Part ICan you stand one more person reflecting back on 2019? I, too, want to look at meaningful events from this last year. Specifically, I want to look at common ways I saw pastors say goodbye. In fact, I want to look at three seasons, in ministry, when pastors said goodbye. It will take me three blogs to complete the task. While I’ll look at actual cases (with identifiable information changed to protect the innocent), each case reflects a common scenario that makes me conclude it would be fair to call these “trends in pastoral exits.”
1. Getting to Know You
I’ve been known to say, “More lying goes on in a church during the search process than at any other time.” My point is that both the search team and the pastoral candidate tend to be less-than-forthcoming. The search team inquires, “We know about your strengths, but tell us about your weaknesses.” The candidate stalls until finally admitting, “Sometimes, I spend so much time in prayer and Bible study that I don’t get all my household chores done.” What a saint! Then, the pastor reverses the question and asks, “If I agree to come, what issues will I be faced with?” The search team hasn’t talked about it, but everyone knows, instinctively, not to mention you-know-what or no one will come. So, they say, “Oh, my, we don’t have any problems.” Better yet, the search team might believe the last pastor was the problem, and he’s gone. So, maybe they aren’t overtly lying.
Case Study One:
During the interview process, a pastoral candidate failed to mention he was a Calvinist. He ended up accepting the church’s call—but his position was not held by the church, nor had it ever been. In fact, the church didn’t know such theology even existed within Baptist circles. Once the pastor began to press for polity and theology changes that matched his desires, conflict emerged, grew, and ultimately destroyed the church over the course of a year. First, there was the departure, one-by-one, of half the church’s families. They rejected the pastor’s push, but they weren’t interested in fighting about it. They mainly moved to other churches. Some, however, have likely left church life forever. Those who remained in the church were equally divided between those who were determined to “get our church back” and those who followed the pastor. Both sides engaged in full-out warfare.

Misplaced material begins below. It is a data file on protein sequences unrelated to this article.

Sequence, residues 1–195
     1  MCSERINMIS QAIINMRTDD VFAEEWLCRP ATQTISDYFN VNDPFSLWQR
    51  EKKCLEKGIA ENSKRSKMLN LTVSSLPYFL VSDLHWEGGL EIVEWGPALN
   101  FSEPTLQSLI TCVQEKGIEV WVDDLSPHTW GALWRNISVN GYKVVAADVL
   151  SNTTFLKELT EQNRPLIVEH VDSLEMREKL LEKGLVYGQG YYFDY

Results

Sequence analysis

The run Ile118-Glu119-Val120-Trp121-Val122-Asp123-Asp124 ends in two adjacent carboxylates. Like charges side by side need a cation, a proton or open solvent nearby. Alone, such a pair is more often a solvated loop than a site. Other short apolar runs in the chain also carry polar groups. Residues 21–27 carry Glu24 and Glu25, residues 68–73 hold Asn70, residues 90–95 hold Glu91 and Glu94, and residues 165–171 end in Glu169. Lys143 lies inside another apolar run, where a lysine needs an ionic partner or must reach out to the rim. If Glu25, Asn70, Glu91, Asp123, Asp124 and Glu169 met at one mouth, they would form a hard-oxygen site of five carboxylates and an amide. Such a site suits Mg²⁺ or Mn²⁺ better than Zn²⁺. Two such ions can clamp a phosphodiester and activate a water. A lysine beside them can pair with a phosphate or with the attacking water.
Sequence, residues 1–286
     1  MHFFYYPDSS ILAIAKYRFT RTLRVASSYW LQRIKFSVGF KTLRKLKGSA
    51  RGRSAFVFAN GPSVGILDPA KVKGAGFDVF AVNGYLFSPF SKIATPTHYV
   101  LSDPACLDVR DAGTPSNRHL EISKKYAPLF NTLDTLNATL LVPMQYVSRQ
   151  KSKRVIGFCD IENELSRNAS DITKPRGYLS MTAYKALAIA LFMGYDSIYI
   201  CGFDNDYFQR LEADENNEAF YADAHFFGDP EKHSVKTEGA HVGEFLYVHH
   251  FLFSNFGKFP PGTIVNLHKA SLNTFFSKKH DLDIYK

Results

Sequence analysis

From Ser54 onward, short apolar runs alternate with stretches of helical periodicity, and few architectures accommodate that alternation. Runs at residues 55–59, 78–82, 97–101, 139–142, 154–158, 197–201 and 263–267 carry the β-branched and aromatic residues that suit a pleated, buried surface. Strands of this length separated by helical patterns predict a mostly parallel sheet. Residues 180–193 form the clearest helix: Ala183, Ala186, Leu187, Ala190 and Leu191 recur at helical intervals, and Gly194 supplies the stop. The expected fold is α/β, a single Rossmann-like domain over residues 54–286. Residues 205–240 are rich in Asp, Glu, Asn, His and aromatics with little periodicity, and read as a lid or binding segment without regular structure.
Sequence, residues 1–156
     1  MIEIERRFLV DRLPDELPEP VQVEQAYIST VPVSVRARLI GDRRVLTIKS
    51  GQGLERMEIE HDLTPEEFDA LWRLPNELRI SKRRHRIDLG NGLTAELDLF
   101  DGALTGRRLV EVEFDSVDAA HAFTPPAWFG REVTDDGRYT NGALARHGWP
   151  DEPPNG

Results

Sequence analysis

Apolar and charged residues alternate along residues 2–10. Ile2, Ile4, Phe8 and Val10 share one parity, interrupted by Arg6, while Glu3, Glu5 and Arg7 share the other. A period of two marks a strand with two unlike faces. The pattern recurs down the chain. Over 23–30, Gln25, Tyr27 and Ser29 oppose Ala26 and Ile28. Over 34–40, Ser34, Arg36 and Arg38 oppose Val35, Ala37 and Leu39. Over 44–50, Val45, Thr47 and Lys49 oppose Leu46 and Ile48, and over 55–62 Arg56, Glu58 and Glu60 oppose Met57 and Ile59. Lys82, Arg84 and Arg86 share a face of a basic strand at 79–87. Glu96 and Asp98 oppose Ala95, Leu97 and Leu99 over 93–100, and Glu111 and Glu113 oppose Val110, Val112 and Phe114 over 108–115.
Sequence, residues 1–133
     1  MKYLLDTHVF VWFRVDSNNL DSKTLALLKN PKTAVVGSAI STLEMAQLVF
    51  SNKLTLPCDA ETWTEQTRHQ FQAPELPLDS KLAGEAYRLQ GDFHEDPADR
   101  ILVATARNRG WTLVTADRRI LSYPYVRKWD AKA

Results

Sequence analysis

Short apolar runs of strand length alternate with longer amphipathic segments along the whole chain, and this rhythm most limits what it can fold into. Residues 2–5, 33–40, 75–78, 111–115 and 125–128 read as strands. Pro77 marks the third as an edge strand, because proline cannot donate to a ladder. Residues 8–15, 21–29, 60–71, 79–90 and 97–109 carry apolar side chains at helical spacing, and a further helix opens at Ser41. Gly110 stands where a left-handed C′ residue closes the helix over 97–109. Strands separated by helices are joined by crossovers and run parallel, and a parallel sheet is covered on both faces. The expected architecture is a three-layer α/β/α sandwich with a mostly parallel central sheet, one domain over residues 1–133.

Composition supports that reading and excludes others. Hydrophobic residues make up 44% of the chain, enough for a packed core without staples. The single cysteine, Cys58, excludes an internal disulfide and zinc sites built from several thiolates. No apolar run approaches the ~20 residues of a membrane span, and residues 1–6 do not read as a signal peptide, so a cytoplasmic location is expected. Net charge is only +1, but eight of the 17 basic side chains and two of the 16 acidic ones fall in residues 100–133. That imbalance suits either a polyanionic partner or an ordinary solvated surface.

The issue in this situation was not one of Calvinists vs. Non-Calvinists. The issue was that pastors and churches need to be a good match before a call is extended or accepted. None of the conflict in this church had to happen if the search team and candidate had said goodbye to each other during the search process. Both parties acted in haste, due to anxiety. The pastor needed a job, and the church members felt like something was broken without an installed pastor. Neither researched the other nor asked the important questions.
Search teams and prospective pastors need to be honest, but they also need to do their homework. “Trust but verify” (both ways) applies very well to the pastor search process.
Case Study Two:
First Church (First) was made up exclusively of senior citizens. They had lost 75% of their members over the last two decades, but they had kept their ample buildings and property in superior shape. A small, unofficial group began to pursue a merger with a nearby church. They talked it up and got a groundswell of support from other members. The search team set their established search process aside, wondering if God was laying a miracle at their feet.
The other church, the Rising, had a sizeable congregation of young adult families. Due to the shortage of finances, they had spent five years of Sundays jammed into a rented public-school auditorium. If the Rising joined First, it would bring First’s attendance back to what it had been in “the good ol’ days.” It would also provide First with the promise of a future and an end to the interim period—since the Rising’s pastor would assume that duty. The Rising, on the other hand, would gain property, income, and (this was well-spun) seasoned spiritual mentors.
Initially, it seemed like a match made in heaven. Then, First’s search team began to examine the worship practices, the theology, mission giving, and governing practices of the Rising. The search team of First, and the elders of the Rising, examined a side-by-side comparison in “the Big Meeting” that was intended to work out the final details of a merger. There was no way, however, to deny what was staring them in the face. After accepting the truth, the two churches called off the merger and parted as friends. They simply did not match in a single important criterion.
When I compare the two case studies, the second one is clearly the winner. It is NOT a failure to not come to an agreement—if ending negotiations is clearly the best solution and God’s will. It reminds me of the best man and maid of honor who had never met before the wedding. It was “love at first sight.” Within the year, they got married. Within another year, they got divorced. “We knew it was a mistake, but we were just too embarrassed to admit that to our friends or ourselves,” they both acknowledged after the divorce.
The first lesson: A courtship goodbye is better than consummating a mistake.